Language quiz

Here’s a recording in a mystery language.

Do you know or can you guess which language it’s in and where it’s spoken?

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This entry was posted in Language, Quiz questions.

33 Responses to Language quiz

  1. Drew says:

    At the risk of being extremely unscientific I’d like to guess that it’s some kind of North American native language (can’t tell you why, it simply strikes me as such).

  2. Halabund says:

    It’s clearly a reading from the New Testament (or related text), but don’t know the language …. something African?

  3. Vasiliy Faronov says:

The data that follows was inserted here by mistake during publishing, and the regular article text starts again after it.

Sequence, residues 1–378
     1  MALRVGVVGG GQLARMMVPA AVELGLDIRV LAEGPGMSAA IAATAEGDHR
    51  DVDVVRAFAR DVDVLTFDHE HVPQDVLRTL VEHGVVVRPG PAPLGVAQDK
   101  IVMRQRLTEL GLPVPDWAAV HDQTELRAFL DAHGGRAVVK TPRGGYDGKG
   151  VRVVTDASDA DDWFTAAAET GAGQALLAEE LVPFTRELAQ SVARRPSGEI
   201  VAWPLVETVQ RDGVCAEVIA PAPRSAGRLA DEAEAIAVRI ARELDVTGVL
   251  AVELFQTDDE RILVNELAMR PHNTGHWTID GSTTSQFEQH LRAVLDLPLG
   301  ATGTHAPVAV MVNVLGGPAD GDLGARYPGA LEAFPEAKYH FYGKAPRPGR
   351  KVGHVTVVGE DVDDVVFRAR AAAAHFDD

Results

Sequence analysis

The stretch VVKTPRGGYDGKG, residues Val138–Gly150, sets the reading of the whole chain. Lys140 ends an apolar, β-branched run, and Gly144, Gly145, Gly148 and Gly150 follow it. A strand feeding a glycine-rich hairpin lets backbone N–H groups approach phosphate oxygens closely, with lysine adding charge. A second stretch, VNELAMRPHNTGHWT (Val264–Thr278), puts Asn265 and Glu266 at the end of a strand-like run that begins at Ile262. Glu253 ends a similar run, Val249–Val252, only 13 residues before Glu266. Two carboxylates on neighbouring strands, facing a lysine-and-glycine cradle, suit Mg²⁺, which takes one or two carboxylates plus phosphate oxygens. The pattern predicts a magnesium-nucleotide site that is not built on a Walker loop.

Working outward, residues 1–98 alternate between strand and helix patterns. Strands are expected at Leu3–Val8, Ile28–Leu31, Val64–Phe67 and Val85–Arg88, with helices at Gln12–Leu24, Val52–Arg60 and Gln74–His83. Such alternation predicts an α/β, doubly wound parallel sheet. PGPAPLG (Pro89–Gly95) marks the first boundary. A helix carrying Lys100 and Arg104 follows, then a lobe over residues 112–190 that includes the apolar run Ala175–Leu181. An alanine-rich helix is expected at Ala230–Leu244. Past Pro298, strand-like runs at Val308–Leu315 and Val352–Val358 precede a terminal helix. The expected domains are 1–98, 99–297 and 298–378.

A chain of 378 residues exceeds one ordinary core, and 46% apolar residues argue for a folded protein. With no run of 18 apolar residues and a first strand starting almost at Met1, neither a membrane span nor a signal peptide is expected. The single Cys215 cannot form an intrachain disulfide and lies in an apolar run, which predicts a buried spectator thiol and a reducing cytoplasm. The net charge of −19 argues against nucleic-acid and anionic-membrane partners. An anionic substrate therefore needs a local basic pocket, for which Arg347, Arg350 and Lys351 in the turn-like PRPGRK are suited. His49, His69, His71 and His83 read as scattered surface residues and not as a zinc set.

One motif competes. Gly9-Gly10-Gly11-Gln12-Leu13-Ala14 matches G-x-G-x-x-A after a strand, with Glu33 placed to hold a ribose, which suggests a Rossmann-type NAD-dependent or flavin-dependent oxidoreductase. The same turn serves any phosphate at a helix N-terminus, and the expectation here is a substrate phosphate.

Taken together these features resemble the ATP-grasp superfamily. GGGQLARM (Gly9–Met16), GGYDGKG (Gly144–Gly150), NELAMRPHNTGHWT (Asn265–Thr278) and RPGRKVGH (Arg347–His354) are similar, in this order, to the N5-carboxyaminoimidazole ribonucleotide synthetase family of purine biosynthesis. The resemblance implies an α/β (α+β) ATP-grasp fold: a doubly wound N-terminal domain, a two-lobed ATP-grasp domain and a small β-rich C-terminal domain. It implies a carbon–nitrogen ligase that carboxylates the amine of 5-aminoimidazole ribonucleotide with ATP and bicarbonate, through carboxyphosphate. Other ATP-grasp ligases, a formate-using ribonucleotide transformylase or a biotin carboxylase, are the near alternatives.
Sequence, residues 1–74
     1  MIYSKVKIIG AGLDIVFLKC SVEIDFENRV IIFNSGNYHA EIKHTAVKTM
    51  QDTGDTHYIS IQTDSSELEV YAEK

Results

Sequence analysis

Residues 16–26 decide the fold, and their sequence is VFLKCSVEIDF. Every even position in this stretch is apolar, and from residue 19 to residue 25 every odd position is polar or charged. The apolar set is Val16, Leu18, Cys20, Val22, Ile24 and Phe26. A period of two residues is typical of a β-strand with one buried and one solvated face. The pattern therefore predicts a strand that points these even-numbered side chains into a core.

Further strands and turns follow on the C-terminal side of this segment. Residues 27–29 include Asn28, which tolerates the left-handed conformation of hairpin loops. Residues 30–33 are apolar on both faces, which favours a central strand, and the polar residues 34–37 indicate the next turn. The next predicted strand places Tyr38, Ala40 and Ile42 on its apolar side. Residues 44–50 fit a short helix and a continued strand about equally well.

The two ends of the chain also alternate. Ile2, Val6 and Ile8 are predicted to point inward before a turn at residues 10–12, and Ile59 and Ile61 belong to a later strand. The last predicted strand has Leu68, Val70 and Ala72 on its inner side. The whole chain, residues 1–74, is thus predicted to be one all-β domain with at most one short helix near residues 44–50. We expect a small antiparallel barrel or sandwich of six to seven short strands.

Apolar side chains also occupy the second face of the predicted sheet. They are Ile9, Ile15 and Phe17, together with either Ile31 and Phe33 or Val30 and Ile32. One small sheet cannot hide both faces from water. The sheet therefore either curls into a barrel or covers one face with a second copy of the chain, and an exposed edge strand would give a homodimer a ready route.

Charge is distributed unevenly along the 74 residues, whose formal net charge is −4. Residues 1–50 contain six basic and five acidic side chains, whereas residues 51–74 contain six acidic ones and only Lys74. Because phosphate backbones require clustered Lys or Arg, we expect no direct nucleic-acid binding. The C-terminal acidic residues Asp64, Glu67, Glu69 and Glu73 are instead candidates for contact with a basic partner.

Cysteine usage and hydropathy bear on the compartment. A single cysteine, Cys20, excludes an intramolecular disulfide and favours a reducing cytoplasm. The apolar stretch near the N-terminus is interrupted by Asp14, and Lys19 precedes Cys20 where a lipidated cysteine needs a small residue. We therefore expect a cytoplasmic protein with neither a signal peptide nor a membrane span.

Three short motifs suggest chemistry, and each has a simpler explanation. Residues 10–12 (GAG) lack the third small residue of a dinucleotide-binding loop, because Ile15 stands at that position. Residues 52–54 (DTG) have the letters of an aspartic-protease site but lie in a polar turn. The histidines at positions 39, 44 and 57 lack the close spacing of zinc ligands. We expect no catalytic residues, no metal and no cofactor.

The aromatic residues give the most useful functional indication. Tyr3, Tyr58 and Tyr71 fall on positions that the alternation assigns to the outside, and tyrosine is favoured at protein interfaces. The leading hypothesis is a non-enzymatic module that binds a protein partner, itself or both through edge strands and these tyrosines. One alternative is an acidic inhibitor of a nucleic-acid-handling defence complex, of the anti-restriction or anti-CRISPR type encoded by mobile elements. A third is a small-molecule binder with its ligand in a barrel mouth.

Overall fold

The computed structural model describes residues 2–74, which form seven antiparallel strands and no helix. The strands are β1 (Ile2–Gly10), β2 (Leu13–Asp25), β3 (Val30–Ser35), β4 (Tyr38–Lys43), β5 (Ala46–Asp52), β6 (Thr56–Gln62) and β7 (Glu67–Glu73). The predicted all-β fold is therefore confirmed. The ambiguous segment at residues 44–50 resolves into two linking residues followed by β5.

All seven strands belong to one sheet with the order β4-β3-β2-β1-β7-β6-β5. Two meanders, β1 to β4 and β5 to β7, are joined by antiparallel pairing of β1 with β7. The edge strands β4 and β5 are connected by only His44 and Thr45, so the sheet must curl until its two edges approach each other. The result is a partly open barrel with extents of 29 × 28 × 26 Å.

Wild guess: a Semitic language from the Middle East, perhaps a dialect of Arabic.

    I *think* I can hear words like “Hamas” and “Galili”, as well as repeated “-llah” endings at some point. The overall sound is, to me, reminiscent of Arabic (not that I have heard much of it, though).

  4. Vasiliy Faronov says:

    Halabund: how do you tell that it’s from the New Testament?

  5. Frank says:

    The Text appears to be from Luke 3. It sounds African to me, too.

  6. peter j. franke says:

    I go for Amharic, because I heard some ejectives…

  7. michael farris says:

    Sounds Sub-Saharan African to me (mainly voice quality and rhythm), but beyond that I’m clueless so far.

  8. Vasiliy Faronov says:

    Names are pronounced in an English manner, so perhaps the New Testament was introduced to this language’s people by Western missionaries.

  9. Will says:

    I think I hear nasal vowels? That really throws off the African languages idea, but I don’t have a better one. Maybe an Indian language (Hindi has nasals.)

  10. Chris Miller says: